It’s happened to most of us or someone we know. An email or Facebook account gets hacked, or a debit card connected to a bank account or credit card is compromised.
We’ve heard of companies being hacked as someone opened an email and clicked a link that caused a virus to enter the network, or someone connects to an outside server.
This week, it was a school district in East Texas, and the results were as good as any crime show on television.
On Tuesday, Athens ISD realized something was wrong. The student files, including classroom assignments and much more, were on the server, but were renamed. The files were there but frozen or locked down. The jargon is “encrypted.”
Either way, with school starting Monday, the scramble began.
That’s when an email popped up. Subject: Ransom. The email was in broken English and demanded $50,000 to release the data back to the school.
The district had to make a decision.
There is no playbook for getting kids back to school during a pandemic. There are playbooks for server issues. There is not a playbook with a chapter titled, “How to deal with cyber terrorists demanding a ransom and holding valuable school data and files hostage during a pandemic.”
On the fly, Athens ISD came up with a Plan A and B. The decisions were judged and talked about. While that was going on, district officials surprised everyone by coming up with a Plan C.
On Wednesday night, the board of trustees voted to pay the $50,000 ransom.
Superintendent Janie Sims boldly made the announcement of the payment of the ransom, and Athens ISD Communications Specialist Toni Clay went on television trying to explain the move. Meanwhile, computer expects were disagreeing with the decision and the ransom. The top comment seemed to be “this is a waste of taxpayers’ money.”
Just over a year ago, I was part of a corporation that was hacked. So I called the really smart computer guy who brought us back online in four days and was able to make sure no personal data was released. He said, “$50,000? They got off cheap. That’s a great deal. I hope the public understands that.”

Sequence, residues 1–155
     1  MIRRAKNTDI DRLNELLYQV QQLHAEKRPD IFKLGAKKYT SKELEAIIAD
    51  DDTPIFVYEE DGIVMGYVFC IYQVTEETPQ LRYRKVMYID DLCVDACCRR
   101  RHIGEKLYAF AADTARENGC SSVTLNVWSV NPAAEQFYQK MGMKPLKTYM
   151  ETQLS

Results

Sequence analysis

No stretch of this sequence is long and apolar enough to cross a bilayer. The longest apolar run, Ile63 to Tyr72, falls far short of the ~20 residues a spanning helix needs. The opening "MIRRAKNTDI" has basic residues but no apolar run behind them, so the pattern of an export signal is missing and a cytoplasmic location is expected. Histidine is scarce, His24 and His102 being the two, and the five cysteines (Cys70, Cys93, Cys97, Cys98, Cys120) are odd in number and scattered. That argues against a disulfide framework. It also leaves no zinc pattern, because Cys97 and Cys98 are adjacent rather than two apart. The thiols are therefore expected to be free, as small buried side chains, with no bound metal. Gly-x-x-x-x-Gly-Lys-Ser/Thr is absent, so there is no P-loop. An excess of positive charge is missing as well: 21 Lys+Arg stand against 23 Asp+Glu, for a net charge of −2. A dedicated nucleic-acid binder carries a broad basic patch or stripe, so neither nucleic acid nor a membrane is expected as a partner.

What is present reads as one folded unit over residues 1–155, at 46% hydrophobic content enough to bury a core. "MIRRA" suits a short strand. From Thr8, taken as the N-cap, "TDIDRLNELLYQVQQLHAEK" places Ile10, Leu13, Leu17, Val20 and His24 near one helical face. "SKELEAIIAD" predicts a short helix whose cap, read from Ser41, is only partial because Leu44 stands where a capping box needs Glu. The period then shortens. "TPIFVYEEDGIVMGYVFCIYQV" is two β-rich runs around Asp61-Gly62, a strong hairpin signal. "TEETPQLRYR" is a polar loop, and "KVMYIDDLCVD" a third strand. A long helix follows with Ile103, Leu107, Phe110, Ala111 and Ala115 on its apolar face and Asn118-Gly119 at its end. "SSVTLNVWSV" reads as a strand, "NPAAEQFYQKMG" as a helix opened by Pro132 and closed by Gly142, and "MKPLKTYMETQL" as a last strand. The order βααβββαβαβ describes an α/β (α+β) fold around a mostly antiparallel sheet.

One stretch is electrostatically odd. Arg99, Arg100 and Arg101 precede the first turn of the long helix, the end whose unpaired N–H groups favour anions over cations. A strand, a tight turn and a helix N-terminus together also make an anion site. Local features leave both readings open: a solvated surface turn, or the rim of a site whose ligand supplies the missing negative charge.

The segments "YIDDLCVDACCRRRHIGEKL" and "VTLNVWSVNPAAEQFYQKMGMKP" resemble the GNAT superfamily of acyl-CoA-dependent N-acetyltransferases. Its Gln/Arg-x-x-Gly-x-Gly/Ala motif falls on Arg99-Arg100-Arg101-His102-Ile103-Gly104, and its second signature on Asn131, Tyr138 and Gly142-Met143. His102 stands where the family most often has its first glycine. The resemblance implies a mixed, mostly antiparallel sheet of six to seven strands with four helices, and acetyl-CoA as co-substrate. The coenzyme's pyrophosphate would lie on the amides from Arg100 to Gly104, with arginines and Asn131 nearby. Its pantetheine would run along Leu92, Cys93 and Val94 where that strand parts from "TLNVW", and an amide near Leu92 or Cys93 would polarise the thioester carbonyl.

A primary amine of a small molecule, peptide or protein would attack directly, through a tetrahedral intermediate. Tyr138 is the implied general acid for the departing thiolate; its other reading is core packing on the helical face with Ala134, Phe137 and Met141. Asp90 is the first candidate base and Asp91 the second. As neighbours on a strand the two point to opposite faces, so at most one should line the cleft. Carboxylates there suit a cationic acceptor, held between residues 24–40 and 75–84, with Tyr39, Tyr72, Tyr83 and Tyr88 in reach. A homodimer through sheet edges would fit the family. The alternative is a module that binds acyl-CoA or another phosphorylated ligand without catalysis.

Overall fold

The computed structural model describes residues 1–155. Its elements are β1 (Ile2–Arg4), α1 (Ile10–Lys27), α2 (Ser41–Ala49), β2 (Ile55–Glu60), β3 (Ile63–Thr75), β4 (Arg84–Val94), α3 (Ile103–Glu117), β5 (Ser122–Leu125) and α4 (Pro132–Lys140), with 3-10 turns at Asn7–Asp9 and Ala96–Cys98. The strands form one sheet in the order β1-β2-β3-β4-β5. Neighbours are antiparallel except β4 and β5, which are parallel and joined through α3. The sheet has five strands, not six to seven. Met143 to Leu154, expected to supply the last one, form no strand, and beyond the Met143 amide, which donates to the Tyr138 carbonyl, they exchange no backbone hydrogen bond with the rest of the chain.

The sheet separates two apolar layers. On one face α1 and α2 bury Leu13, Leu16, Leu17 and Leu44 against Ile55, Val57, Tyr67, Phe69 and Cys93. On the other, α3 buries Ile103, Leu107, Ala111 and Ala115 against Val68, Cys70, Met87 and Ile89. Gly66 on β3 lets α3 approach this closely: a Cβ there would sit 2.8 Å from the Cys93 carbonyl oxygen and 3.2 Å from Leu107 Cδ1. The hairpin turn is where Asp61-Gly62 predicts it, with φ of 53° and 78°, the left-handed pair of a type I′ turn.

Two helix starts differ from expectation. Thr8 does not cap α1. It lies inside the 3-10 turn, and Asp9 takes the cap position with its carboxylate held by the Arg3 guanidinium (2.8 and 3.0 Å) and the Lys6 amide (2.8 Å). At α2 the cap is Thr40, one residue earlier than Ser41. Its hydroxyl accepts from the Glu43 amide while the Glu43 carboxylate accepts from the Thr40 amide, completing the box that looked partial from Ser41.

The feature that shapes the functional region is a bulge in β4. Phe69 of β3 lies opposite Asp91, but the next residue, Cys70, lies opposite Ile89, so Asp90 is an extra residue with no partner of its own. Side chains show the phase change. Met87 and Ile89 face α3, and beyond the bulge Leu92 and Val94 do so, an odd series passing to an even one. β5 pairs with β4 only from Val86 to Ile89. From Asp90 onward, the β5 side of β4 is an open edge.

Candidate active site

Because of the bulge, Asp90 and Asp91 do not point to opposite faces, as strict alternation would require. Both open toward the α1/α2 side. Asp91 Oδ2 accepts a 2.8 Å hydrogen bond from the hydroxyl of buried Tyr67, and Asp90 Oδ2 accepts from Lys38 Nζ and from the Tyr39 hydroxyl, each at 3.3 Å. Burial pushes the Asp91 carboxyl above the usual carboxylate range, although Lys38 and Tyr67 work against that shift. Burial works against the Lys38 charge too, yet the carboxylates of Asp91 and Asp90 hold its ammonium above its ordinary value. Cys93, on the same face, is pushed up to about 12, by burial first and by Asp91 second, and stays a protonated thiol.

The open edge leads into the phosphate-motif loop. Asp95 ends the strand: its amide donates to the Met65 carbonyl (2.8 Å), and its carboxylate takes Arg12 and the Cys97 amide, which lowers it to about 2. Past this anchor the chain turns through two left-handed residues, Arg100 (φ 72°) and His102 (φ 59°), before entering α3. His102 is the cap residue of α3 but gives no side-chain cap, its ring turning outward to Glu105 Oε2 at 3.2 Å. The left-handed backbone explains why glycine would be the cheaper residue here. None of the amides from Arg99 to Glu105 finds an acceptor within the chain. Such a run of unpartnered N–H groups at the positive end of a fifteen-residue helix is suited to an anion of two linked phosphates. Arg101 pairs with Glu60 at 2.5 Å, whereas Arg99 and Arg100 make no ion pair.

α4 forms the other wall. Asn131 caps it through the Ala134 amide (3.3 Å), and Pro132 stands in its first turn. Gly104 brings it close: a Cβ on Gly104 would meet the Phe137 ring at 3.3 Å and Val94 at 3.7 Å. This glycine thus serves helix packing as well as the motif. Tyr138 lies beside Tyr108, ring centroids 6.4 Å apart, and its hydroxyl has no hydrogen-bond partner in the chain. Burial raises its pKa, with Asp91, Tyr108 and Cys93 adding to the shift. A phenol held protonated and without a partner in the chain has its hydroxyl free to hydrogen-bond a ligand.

I’m not sure they did.
With $50,000 to spend, the school decided to negotiate with the cyber hostages. Over the next 48 hours, district officials got the amount down to $25,000. The hackers came back with a final email, still in broken English, agreeing to that amount.
Technology Director Tony Brooks and his team were working around the clock during the negotiations and while the public was weighing in with opinions on the $50,000 payment.
Also, the school was dealing with a Plan B.
“No one was ever excited to be negotiating with these criminals. There were a few reasons the board and administration felt paying the ransom was the lesser of two evils,” Clay said. “Paying was upon the advice of the federal cyber security team we were working with.”
Paying also meant saving money. The district has insurance for these types of issues and only would have to pay the deductible. The alternative would be to hire more employees and have current employees work overtime for two months to get the server back up and all the files re-written .
It could also have caused a delay in school.
While all of this was being considered, the work continued on the district’s current server. However, it was also discovered the current firewall was strong enough that the hackers could not actually take the files and see them, use them or try to sell them. They also noticed the data was backed up this past Saturday night — not on the backup server, but the backup to the backup.
This was like the third-string quarterback winning the Super Bowl.
They had the data and could now go to work restoring it.
Like a winning coach, Brooks said in his victory press conference, “It felt incredible.” The server team won. I guess there is no “i” in server.
The school could now send out a final offer to the attackers, “zero dollars.”
Athens ISD will delay school until Aug. 10 as officials get everything ready.
There’s a saying, “Some things you just don’t learn in school.” In this case, that sentence is true, and because it happened in school, it’s also false!
Athens made all the right decisions and crafty negotiations no one saw coming. Sure, it’s going to be a great lesson someday in the classrooms, but they also wrote a lesson plan for others.